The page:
Convective Instabilities in Traveling Fronts of Addition Polymerization
Chemistry and Biochemistry
Traveling fronts of polymerization have been observed in unstirred solutions of methacrylic acid and benzoyl peroxide. Three types of convective instabilities have been observed. (1) The heat released by the exothermic reaction decreases the density of the reacting solution but changes in the composition tend to make the density increase. The net change in density is negative. Simple convection results, which causes a downward propagating front to remain perpendicular to the gravitational vector even as the tube is tilted. (2) However under some conditions of concentration and temperature, long slender "fingers" of polymer are observed to sink from the solid polymer front. The appearance of structures analogous to "salt fingers" in ocean layers of different temperatures and salinity are analyzed in terms of the theory of double-diffusive convection. Similarities with convection in directional solidification are considered. (3) Pulsating fronts have been observed which result in a striated material. The energy of activation of the fronts was determined and used to show that a convective instability instead of a pure thermal one is the cause of the pulsations.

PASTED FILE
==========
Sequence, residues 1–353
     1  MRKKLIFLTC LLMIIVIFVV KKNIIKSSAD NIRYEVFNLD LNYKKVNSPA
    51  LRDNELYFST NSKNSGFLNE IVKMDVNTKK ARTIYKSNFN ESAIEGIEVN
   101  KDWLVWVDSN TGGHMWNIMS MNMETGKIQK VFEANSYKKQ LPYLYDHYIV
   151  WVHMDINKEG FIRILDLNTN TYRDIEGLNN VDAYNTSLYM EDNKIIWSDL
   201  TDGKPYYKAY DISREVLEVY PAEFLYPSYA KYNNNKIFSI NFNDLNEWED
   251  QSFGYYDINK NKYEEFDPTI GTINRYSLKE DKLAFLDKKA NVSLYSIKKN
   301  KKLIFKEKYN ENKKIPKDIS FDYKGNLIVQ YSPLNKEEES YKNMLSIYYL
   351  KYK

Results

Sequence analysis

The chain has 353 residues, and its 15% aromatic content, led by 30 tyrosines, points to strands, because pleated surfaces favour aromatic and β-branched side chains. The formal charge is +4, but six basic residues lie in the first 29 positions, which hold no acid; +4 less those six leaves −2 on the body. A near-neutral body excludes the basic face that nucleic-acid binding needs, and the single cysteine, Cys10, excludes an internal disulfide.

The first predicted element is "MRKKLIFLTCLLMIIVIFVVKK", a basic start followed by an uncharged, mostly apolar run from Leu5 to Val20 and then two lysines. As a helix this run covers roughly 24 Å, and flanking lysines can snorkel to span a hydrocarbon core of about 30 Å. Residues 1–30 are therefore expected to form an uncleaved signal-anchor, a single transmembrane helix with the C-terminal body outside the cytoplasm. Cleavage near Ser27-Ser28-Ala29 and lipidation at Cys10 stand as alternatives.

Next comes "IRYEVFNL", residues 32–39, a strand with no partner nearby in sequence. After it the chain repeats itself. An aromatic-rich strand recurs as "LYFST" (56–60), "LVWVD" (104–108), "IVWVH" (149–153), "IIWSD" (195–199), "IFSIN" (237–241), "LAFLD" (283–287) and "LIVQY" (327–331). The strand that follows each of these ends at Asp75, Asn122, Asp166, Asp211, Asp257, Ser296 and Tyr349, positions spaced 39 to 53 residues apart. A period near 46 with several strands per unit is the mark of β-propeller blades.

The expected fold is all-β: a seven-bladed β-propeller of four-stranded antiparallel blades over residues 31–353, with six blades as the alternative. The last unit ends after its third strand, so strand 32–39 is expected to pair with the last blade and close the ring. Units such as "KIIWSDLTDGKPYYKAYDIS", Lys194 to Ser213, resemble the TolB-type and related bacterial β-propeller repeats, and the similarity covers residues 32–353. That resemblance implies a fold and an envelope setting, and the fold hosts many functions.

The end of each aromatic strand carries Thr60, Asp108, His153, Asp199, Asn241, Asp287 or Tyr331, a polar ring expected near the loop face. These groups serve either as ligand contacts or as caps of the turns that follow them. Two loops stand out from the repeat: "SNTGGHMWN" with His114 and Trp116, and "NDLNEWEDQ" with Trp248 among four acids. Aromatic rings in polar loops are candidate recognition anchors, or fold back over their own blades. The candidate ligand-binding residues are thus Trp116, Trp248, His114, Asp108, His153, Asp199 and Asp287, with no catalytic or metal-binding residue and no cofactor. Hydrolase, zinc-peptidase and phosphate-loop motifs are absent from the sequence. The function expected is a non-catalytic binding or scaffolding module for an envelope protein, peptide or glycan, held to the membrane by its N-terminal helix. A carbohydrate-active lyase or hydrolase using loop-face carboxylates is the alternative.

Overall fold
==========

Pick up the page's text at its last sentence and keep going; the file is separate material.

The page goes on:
Journal of Physical Chemistry
Pojman, J. A.,
(1992). Convective Instabilities in Traveling Fronts of Addition Polymerization. Journal of Physical Chemistry, 96(18), 7466-7472.
Available at: http://aquila.usm.edu/fac_pubs/6874